US 7336100 B2
A level converter for interfacing two circuits supplied by different supply voltages, and integrated circuit including the level converter interfacing circuit in two different voltage islands. A first buffer is supplied by a virtual supply and receives an input signal from a lower voltage circuit. The first buffer drives a second buffer, which is supplied by a higher supply voltage. An output from the second buffer switches a supply select to selectively pass the higher supply voltage or a reduced supply voltage to the first buffer.
1. A level converter for interfacing circuits supplied by different supply voltages, said level converter comprising:
a first buffer receiving an input, said first buffer being connected between a virtual supply and a supply return;
a second buffer receiving an output of said first buffer, connected between a first supply and said supply return; and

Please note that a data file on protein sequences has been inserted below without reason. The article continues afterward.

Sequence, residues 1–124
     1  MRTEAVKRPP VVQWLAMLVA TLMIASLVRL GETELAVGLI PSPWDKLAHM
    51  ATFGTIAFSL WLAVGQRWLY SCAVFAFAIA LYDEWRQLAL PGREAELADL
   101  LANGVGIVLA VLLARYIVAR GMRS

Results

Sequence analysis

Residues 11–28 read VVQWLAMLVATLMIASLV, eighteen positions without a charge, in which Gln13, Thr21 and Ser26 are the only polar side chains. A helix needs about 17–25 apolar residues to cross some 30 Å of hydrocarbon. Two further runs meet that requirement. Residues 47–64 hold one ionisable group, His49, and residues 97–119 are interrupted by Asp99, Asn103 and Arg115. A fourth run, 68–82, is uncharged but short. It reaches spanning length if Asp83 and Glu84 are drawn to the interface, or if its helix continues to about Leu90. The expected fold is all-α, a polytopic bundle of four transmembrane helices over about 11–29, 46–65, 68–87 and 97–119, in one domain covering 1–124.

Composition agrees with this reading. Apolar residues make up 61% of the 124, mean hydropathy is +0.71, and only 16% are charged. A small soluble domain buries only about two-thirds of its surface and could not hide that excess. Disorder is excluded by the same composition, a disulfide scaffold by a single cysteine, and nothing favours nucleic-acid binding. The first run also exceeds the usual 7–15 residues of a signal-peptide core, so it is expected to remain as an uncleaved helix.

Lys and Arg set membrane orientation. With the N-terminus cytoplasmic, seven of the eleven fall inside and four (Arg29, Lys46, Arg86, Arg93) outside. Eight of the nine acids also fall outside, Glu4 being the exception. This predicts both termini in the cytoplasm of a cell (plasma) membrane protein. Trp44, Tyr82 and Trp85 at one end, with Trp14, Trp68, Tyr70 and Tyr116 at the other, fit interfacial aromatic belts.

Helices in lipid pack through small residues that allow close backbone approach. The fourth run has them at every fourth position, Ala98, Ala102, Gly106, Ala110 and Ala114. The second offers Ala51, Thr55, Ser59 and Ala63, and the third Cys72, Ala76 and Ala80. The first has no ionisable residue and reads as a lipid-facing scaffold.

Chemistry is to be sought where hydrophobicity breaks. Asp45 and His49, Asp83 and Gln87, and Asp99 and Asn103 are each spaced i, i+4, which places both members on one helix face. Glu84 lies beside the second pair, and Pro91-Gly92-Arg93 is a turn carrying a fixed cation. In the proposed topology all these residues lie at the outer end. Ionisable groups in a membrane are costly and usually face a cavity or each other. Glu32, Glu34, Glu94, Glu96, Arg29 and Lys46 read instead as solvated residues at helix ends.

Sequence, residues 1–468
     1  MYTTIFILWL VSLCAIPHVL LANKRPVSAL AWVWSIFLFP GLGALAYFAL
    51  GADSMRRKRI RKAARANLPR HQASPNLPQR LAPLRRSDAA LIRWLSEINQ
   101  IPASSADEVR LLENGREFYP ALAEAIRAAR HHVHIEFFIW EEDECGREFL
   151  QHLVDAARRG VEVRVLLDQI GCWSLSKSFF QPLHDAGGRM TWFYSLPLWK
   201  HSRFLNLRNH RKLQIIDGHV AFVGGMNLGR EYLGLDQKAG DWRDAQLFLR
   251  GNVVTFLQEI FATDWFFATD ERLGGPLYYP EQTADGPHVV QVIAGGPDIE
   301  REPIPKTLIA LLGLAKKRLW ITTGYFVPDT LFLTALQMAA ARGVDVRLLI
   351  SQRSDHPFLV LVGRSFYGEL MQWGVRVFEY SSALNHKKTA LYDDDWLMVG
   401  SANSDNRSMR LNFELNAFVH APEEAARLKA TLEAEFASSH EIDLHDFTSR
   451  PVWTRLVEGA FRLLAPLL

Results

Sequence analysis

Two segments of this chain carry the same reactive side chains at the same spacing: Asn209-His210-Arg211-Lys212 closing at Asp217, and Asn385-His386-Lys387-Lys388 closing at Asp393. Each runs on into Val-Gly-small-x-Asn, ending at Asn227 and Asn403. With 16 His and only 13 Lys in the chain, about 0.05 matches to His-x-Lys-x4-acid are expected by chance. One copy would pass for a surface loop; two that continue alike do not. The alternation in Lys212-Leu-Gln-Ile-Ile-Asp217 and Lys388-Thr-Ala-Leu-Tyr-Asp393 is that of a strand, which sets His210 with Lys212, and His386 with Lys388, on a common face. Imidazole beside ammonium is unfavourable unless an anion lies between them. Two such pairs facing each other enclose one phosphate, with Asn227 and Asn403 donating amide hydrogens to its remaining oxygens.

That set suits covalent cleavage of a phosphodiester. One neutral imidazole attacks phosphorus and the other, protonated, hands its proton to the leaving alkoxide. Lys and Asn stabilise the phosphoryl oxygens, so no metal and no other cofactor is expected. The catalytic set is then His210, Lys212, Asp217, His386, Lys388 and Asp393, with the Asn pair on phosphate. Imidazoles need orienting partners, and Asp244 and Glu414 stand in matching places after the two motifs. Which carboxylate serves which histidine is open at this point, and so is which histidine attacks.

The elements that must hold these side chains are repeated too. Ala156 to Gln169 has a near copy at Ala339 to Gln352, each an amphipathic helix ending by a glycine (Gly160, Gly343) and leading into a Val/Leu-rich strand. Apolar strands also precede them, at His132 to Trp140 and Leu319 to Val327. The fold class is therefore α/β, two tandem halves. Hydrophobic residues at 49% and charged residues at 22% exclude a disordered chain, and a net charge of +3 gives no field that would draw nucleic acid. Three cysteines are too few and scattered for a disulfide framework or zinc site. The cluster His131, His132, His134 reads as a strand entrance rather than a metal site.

a supply select between said first supply and said virtual supply, said supply select receiving an output from said second buffer and selectively passing a first supply voltage on said first supply or a reduced supply voltage to said virtual supply responsive to said output from said second buffer, wherein at least two circuits interfaced by said level converter are in the same integrated circuit (IC) as said level converter.
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12. A voltage level converter circuit comprising:
a first inverter with a first inverter input connected to an output of a first circuit on the same integrated circuit (IC) as said first inverter, a first inverter output, a first inverter ground connected to a circuit ground, and a first inverter voltage supply;
a threshold drop element connected between a circuit high voltage supply (Vddh) and the first inverter voltage supply;
a second inverter with a second inverter input connected to the first inverter output, a second inverter output connected to an input of a second circuit on the same integrated circuit (IC) as said second inverter, a second inverter ground connected to the circuit ground, and a second inverter voltage supply connected to Vddh; and